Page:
Kevin Spacey finally wins the approval of British critics

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The Independent Culture

They may adore him in Hollywood but British theatre critics have proved a tougher audience for Kevin Spacey. Yet the scribes finally gave their nod of approval yesterday when the star of films that includeThe Usual Suspects and American Beauty was honoured at the Critics' Circle Theatre Awards for 2005.

Spacey, the artistic director of the Old Vic in London, was presented with the John and Wendy Trewin Award for best Shakespearean performance in Richard II. Michael Coveney, who reviewed the production for The Independent, presented the award, praising the "decisive professionalism" of his depiction of the monarch.

His Richard II was quite different from the self-pitying martyrdom of early 20th-century productions with stars such as John Gielgud, or the "exotic priggishness" shown more recently by Jeremy Irons and Samuel West, Coveney said. Instead Spacey brought "unexpectedness, brilliance and sheer presence" in a great production directed by Trevor Nunn.

Spacey acknowledged past tensions, joking: "This is from the critics, right?"

A number of the cast attended the ceremony in London and he thanked them for their support."I was quite terrified of taking on the role of an English king and trying to be convincing in both the language and the accent in a performance that made some sense but didn't necessarily come in a tradition of how Richards had been attacked before," Spacey said. "I'm enormously proud to have brought Shakespeare back to the Old Vic."

Critical reaction to much of Spacey's first season at the Old Vic was mixed to the point of hostile, with many condemning his choice of plays, although some admired his personal performances.

But the public have always loved the adoptive Brit, and he received further acclaim yesterday in the website awards voted for by the public. Spacey was voted best actor, defeating rivals including Simon Russell Beale, whose performance in The Philanthropist at the Donmar was the critics' choice. Richard II was voted the best Shakespearean production, while Ian McKellen's debut in pantomime at the Old Vic was the public's theatre event of the year.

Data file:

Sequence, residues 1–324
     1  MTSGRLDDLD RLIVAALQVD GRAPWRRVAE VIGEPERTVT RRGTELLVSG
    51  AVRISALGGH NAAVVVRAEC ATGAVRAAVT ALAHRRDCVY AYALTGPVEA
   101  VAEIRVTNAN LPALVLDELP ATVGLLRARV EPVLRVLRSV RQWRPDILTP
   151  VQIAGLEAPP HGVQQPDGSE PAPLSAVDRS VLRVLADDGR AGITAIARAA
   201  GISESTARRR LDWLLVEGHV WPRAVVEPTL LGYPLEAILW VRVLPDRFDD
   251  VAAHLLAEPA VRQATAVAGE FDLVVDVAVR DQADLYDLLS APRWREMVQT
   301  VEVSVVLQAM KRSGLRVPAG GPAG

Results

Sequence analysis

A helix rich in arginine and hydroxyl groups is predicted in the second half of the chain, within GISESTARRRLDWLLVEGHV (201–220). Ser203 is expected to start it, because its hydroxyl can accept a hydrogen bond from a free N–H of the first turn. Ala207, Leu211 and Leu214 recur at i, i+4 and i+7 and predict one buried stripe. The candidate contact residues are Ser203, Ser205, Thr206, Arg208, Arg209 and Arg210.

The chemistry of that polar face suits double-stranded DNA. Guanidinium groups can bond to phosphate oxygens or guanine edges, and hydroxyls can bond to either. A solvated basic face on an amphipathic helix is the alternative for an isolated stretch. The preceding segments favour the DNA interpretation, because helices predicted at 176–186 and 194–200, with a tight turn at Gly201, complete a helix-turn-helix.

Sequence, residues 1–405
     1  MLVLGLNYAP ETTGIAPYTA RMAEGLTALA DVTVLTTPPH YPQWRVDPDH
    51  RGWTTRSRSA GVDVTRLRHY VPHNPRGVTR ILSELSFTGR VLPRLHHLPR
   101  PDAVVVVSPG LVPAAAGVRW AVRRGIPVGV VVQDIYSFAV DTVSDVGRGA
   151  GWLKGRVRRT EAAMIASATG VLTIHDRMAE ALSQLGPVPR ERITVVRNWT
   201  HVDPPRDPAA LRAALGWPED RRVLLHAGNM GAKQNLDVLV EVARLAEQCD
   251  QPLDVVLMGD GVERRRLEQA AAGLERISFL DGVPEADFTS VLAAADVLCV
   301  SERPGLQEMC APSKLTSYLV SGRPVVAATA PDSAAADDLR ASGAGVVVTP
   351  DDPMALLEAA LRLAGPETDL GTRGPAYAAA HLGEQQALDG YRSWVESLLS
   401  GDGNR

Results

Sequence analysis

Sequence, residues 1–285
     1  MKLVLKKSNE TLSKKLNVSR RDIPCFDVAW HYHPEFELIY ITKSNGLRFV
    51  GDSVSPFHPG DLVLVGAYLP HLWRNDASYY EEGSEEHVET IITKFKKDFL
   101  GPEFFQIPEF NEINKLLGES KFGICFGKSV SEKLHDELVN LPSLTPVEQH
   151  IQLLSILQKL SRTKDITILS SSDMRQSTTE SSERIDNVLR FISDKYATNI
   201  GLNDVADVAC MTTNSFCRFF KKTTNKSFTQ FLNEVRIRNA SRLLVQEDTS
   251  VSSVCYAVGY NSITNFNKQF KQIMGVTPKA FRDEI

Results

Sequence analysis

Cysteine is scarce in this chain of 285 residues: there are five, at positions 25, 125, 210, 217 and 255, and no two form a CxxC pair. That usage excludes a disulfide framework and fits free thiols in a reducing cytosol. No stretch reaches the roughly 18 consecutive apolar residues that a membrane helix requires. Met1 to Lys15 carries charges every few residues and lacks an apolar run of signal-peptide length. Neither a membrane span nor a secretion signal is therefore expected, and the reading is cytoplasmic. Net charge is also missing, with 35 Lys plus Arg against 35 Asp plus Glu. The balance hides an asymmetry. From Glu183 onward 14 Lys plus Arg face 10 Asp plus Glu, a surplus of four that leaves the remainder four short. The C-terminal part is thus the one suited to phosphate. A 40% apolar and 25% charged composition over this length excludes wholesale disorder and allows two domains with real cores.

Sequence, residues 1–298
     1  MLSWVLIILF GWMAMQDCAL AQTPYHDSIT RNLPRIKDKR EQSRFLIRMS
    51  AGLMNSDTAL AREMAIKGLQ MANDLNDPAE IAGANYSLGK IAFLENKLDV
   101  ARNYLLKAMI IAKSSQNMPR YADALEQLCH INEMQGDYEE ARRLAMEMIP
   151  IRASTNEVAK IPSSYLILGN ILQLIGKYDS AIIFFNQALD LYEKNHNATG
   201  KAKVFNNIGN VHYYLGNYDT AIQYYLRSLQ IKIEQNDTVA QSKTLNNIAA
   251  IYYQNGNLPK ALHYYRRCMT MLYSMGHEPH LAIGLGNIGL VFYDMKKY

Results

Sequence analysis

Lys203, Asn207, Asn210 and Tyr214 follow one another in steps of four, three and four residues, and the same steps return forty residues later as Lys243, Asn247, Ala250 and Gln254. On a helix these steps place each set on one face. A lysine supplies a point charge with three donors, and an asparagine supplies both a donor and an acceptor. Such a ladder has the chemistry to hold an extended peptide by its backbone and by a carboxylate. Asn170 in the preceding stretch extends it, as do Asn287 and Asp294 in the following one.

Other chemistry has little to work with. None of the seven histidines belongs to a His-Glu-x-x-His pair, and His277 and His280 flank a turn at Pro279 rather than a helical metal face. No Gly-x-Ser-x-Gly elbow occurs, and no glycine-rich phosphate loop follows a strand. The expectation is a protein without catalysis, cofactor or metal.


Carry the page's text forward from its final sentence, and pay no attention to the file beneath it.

Terri Paddock, of whatsonstage, said: "The public have supported Spacey all along but it's wonderful that he is being vindicated by the critics too."

Other winners at the Critics' Circle Awards were Eve Best, named best actress for Hedda Gabler. The public voted for Kristin Scott Thomas in As You Desire Me. Everyone united in praise for Billy Elliot.

The public chose Ewan McGregor and his Guys and Dolls co-star, Jane Krakowski, as best actor and actress in a musical.

Michael Grandage was named best director by the critics for The Wild Duck by Ibsen at the Donmar.

The winners

Best New Play

HARVEST by Richard Bean

Best Musical (new or revival)


Best Actor

SIMON RUSSELL BEALE, above, for The Philanthropist

Best Actress

EVE BEST for Hedda Gabler

Best Director


The John and Wendy Trewin Award for Best Shakespearean Performance


Best Designer

TIMOTHY BIRD and DAVID FARLEY for Sunday in the Park with George

Most Promising Playwright

LAURA WADE for Breathing Corpses and Colder Than Here